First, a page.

Both medical providers and patients in Illinois can be charged with health care fraud. People who provide health care services without proper licensing can also be charged with this white-collar crime.
What is health care fraud?
Any act that intentionally defrauds the health care system could be classified as this type of white-collar crime. Receiving unlawful health care payments or benefits, whether as a patient or a medical provider, is considered health care fraud. Some examples of health care fraud include:
- Creating or using forged prescriptions
- Doctor shopping to obtain controlled substances
- Fraudulent billing of health insurance
- Impersonating a doctor
- Using another patient’s legal prescription
- Using another person’s health insurance
Who investigates health care fraud?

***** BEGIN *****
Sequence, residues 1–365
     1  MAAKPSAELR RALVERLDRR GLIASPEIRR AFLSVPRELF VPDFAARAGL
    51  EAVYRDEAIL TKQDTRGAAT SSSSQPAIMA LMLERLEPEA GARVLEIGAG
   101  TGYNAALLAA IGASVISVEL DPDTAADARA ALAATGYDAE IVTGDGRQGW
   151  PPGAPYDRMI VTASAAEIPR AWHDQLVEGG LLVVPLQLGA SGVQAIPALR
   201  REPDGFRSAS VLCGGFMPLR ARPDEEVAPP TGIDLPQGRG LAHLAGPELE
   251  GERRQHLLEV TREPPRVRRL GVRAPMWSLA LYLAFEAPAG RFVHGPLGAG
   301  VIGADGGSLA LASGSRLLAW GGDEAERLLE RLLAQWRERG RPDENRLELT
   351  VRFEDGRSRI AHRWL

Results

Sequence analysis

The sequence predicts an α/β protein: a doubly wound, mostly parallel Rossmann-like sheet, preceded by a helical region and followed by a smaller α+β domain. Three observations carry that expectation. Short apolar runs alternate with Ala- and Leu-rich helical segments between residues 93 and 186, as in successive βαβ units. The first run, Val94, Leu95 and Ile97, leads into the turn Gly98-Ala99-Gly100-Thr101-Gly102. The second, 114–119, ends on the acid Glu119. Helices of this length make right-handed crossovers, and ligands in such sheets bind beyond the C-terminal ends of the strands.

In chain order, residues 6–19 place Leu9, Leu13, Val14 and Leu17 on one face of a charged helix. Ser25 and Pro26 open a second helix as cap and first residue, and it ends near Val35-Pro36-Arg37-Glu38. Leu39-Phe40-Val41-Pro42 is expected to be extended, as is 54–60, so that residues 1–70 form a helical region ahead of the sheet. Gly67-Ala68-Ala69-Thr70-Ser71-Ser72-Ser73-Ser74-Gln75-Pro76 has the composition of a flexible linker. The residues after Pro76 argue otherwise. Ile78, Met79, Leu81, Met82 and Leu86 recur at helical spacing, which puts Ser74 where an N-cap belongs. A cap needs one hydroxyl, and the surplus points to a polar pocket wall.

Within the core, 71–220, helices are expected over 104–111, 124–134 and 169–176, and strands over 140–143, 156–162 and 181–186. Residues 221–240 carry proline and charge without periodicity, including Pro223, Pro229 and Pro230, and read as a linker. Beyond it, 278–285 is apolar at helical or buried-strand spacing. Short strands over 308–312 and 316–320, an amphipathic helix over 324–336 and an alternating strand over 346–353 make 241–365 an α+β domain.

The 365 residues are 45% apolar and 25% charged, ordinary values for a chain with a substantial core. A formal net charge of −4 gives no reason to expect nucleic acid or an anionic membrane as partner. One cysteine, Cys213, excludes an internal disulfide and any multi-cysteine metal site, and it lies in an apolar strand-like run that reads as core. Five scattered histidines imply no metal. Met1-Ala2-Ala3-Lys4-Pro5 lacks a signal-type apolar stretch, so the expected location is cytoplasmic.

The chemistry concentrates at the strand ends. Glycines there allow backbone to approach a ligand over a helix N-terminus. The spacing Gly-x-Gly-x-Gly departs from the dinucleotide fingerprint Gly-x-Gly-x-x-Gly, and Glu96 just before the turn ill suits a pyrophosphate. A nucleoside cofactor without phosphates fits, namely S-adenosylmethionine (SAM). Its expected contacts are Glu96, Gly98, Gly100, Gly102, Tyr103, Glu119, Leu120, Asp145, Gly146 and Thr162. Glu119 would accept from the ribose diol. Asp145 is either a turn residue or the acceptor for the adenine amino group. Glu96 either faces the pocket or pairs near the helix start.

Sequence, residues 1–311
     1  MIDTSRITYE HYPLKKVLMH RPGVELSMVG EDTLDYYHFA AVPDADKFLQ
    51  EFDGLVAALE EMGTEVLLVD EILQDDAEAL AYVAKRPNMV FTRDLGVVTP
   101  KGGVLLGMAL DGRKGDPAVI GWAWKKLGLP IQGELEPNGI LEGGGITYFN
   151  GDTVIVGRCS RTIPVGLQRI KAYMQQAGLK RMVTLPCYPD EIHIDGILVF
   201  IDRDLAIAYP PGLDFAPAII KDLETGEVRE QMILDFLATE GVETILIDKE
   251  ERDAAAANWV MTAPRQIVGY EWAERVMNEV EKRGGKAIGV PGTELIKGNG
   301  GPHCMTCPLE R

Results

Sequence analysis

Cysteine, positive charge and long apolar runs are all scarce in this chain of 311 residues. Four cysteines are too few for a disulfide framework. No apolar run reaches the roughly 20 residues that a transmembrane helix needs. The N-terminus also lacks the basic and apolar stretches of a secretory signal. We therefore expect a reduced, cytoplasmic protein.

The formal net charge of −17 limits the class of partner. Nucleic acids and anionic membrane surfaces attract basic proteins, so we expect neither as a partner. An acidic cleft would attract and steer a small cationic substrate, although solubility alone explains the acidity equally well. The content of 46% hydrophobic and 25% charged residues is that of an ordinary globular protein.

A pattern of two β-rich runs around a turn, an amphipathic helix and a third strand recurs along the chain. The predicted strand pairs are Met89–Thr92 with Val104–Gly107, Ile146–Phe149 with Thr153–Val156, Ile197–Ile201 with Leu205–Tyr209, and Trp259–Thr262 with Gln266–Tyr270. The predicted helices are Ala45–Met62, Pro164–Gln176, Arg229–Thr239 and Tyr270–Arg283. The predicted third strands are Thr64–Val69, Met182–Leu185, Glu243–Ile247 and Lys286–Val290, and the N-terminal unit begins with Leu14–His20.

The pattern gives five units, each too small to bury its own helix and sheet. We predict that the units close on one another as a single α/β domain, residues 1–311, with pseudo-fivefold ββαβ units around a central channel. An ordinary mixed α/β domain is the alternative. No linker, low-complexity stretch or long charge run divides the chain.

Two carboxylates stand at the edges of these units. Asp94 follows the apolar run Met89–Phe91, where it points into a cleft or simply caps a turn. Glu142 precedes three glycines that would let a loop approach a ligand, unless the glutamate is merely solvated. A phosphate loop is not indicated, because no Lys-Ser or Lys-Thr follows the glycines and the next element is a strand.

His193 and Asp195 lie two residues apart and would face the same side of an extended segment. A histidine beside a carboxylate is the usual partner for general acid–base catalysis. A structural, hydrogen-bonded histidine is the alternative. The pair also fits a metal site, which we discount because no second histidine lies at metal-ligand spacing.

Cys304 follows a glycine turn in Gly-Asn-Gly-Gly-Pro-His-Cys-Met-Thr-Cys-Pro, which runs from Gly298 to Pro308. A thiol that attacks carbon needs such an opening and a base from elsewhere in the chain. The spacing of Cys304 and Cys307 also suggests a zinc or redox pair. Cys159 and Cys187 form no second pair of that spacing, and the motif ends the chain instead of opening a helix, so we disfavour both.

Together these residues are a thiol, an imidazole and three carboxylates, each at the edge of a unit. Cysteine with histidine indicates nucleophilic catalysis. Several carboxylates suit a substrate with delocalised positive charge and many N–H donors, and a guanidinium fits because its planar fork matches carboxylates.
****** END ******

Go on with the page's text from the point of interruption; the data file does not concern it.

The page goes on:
The primary agency that investigates health care fraud is the FBI, though other state and local agencies are often involved in these investigations. Health insurance groups such as the National Insurance Crime Bureau also investigate suspected incidents of health care fraud.
Prescription medication abuse
A large number of health care fraud investigations center around prescription medication abuse. Because some prescription medications can be so addictive, the illegal distribution of these drugs is a huge problem. To avoid suspicion of health care fraud, it is important to be careful with prescription drugs, especially pain medicines like opioids. Here are some of the best practices to follow when you are taking a prescription medication:
- Follow your prescription instructions exactly.
- Never share your medication.
- Turn in unused or expired pills.
- Wean yourself off of opioids as soon as possible.
What should you do if you are charged with health care fraud?
If you become aware that you are being investigated for health care fraud, you may want to start your own investigation into why it is so. It may then be important for you to begin documenting and saving all evidence that could aid in your defense.